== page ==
The moment when Dan Bricklin – wrote the original spreadsheet program, VisiCalc, on an Apple II. It is hard to overstate the impact spreadsheets have had on the modern economy and the PC industry . . . and it was written in assembler, which adds major geek cred.

Tech Awe-Inspiring Event

I’ve always been in awe of Von Neumann and his impact on science and defense technology. In particular, in May 1945, he hopped on a train from Aberdeen, Maryland to Los Alamos, New Mexico. At the time, he was solving some of the hardest problems on the Manhattan project and was traveling to go provide technical advise leading up to the trinity test. He had already established game theory, numerical analysis and a good bit of quantum physics. As a side project, he had just seen a demonstration of the ENIAC computer and had been asked to write a memorandum describing the project. I’ve written a lot of memos describing government projects, but von Neumann’s 101 page hand-written “The First Draft of a Report on the EDVAC” was finished by the time he arrived in Los Alamos. He mailed it to his colleague Herman Goldstine, who typed it up, got it reviewed, and published it the next month (without any patent). His memo described the architecture of the EDVAC, the follow-on to ENIAC which was to become the world’s first von Neumann machine and was the first published description of the logical design of a computer using the stored-program concept that formed the blue-prints for 50 years of computers.


You can’t work long in computer science until you have to understand the halting problem. The halting problem is concerned with determining whether a program will finish running or continue to run forever. It has a storied history. In 1936, Alan Turing proved that a general algorithm to solve the halting problem for all possible program-input pairs cannot exist. His proof was made famous since in this paper, he provided a mathematical definition of a computer and program, which became known as a Turing machine and the halting problem is undecidable over Turing machines and is one of the first examples of a decision problem.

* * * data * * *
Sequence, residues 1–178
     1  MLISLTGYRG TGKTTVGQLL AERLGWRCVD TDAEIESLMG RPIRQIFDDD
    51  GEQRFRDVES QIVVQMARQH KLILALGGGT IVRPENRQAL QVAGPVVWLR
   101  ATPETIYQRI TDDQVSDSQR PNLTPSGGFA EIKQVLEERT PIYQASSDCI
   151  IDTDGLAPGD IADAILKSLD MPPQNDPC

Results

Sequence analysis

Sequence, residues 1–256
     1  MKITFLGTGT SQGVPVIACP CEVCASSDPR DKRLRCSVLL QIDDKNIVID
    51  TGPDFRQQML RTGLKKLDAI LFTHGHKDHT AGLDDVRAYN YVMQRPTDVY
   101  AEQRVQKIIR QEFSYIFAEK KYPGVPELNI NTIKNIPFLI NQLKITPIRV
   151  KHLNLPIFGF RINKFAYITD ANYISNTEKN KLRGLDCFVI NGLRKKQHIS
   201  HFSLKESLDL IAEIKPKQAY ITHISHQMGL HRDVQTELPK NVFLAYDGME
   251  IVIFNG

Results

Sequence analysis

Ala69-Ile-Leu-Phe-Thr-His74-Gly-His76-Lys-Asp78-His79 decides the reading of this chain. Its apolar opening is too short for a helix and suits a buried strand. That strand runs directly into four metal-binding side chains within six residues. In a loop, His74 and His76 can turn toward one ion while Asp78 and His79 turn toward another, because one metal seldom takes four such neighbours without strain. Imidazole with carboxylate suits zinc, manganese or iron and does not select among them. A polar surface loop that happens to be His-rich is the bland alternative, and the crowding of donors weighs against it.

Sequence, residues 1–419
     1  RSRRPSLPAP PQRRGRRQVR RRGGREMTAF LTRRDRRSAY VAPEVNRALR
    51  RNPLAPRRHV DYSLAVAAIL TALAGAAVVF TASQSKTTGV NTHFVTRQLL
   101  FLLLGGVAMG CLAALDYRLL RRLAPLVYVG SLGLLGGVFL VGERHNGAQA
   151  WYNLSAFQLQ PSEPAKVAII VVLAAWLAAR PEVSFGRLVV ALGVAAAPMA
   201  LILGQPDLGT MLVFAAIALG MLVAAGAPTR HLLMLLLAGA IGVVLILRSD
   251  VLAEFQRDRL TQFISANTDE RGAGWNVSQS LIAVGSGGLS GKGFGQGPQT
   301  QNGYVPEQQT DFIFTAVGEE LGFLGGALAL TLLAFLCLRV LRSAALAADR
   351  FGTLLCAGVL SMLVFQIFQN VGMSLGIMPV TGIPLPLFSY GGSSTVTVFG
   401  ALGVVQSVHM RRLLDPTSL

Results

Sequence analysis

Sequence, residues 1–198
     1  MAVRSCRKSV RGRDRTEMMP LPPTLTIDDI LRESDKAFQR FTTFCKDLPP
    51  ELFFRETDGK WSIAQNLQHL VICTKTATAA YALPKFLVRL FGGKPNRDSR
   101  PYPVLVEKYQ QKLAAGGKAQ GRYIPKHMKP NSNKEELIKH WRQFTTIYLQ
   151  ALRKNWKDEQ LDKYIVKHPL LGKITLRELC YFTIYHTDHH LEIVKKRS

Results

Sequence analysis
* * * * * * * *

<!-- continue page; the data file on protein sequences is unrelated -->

Programmers generally try to avoid infinite loops—they want every subroutine to finish (halt). In particular, in hard real-time computing, programmers attempt to write subroutines that are not only guaranteed to finish (halt), but are guaranteed to finish before the given deadline.

But isn’t it easy to avoid infinite loops? Why is the halting problem so important? Because a lot of really practical problems are the halting problem in disguise. For example, say you want a compiler that finds the fastest possible machine code for a given program. You have JavaScript, with some variables at a high security levels, and some at a low security level. You want to make sure that an attacker can’t get at the high security information. This is also just the halting problem. Or, for example, if you have a parser for your programming language. You change it, but you want to make sure it still parses all the programs it used to. This is one more example of the halting problem. If you have an anti-virus program, and you want to see if it ever executes a malicious instruction, this is another example of the halting problem in action.

Moreover, the Halting problem lets us reason about the relative difficulty of algorithms. It lets us know that, there are some algorithms that don’t exist, that sometimes, all we can do is guess at a problem, and never know if we’ve solved it. If we didn’t have the halting problem, we would still be searching for Hilbert’s magical algorithm which inputs theorems and outputs whether they’re true or not. Now we know we can stop looking, and we can put our efforts into finding heuristics and second-best methods for solving these problems.